Pardon me. This a kid's show?

With a plethora of pop-culture references only a few children around the ages of 8+ would grasp, it seems more likely the Powerpuff Girls came to be angled toward older adolescents and even adults. References range from obscure movies out of the sixties and eighties to the well-recognized Star Wars and Batman. One excerpt of dialogue from the self-repetitive Mojo Jojo is reminescent of Monty Python: "There will be one Mojo Jojo, and the number of Mojo Jojos will be one. Two Mojo Jojos is too many, and three is right out!" Also, the pan on the disco ball of "Boogie Nights" is clearly parodying the Death Star, and the Mayor's office is an item-for-item copy of the Mayor's office from Batman. How many children would catch all the Beatles allusions (ala the "Beat Alls" episode), would have seen "The Big Lebowski" or have read "The Princess Bride"?

There is something unmistakably alluring about it from the offbeat, simplified style (as if drawn from a child's perspective, perhaps) to the original plot ideas. And it is a wholesome and innocent show ... right?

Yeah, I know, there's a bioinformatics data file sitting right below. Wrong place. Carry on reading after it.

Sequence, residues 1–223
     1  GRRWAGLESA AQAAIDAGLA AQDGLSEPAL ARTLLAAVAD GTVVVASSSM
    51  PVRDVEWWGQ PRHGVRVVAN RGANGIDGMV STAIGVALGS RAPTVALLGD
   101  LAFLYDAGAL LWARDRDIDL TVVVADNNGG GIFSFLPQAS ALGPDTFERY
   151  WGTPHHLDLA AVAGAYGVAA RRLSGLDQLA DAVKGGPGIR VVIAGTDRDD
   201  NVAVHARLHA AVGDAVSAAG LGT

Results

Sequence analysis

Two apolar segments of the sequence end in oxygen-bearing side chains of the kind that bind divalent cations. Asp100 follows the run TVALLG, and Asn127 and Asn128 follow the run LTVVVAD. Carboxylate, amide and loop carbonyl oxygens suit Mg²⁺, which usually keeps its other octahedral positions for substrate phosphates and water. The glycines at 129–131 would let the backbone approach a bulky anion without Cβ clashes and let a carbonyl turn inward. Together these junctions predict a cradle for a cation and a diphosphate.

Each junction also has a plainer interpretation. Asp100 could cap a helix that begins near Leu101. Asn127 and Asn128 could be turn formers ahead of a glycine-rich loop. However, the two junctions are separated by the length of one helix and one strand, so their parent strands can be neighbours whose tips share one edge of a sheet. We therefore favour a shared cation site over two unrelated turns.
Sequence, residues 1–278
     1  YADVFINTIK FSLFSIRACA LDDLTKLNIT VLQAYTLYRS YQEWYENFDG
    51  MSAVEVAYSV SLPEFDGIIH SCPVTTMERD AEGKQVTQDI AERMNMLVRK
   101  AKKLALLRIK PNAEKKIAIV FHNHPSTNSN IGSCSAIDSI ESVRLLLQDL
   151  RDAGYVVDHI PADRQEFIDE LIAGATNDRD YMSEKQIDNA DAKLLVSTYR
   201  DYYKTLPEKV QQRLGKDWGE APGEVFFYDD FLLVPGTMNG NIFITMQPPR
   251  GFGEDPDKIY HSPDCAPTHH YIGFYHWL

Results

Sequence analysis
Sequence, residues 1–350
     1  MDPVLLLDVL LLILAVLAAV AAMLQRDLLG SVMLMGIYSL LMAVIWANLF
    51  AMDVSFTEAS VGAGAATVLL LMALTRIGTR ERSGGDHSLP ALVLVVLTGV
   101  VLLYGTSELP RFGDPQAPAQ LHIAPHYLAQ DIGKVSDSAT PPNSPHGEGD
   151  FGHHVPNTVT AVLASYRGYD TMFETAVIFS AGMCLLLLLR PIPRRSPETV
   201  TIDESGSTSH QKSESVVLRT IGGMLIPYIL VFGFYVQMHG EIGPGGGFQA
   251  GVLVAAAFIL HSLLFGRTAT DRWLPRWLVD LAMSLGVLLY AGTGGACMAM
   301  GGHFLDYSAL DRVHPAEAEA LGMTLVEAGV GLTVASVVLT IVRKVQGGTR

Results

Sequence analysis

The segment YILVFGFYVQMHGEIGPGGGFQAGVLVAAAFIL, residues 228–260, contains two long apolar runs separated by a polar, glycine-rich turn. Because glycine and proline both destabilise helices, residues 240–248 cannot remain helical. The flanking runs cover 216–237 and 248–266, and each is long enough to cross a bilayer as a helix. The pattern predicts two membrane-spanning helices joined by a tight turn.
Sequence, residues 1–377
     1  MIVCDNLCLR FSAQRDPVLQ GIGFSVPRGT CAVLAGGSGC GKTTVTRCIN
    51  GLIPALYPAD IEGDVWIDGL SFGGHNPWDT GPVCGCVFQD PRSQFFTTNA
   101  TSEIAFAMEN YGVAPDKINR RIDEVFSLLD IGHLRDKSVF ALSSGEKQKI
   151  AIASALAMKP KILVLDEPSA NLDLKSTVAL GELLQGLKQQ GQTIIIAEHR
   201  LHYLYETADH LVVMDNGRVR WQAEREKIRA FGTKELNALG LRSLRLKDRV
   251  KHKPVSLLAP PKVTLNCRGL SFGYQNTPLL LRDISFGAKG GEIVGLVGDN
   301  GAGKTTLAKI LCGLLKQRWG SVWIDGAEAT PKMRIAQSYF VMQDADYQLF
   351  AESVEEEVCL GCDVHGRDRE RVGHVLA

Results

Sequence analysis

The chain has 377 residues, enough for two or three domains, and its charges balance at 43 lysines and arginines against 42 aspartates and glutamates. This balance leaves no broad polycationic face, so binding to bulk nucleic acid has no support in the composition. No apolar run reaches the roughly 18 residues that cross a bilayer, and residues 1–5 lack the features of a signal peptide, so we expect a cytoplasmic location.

For a "kid's" show, it certainly does seem to deal with a lot of deeper issues that children are generally not subjected to. Some of the most glaring illustrations that come to mind are the psuedo-horror moments from "Speed Demon": a ruined and barren Townsville, the mutated and hideous citizens chanting 'your fault, your fault', and Him - an effeminate satanic villain - taunting the girls that the entire world had "gone to HECK!" before transforming into a huge, twisted monster. Another issue is the blatant cruelty that seems to spring up everywhere in the episodes. The Professor psychologically torturing an overly-enthusiastic Powerpuff collector by destroying his items one-by-one ... the girls senselessly beating up Mr. Mime after he had turned good again ... After the girls had been saved by a villain called "Big Billy," who then feigned to be in danger later on, they pulverized him anyway and sent him to jail.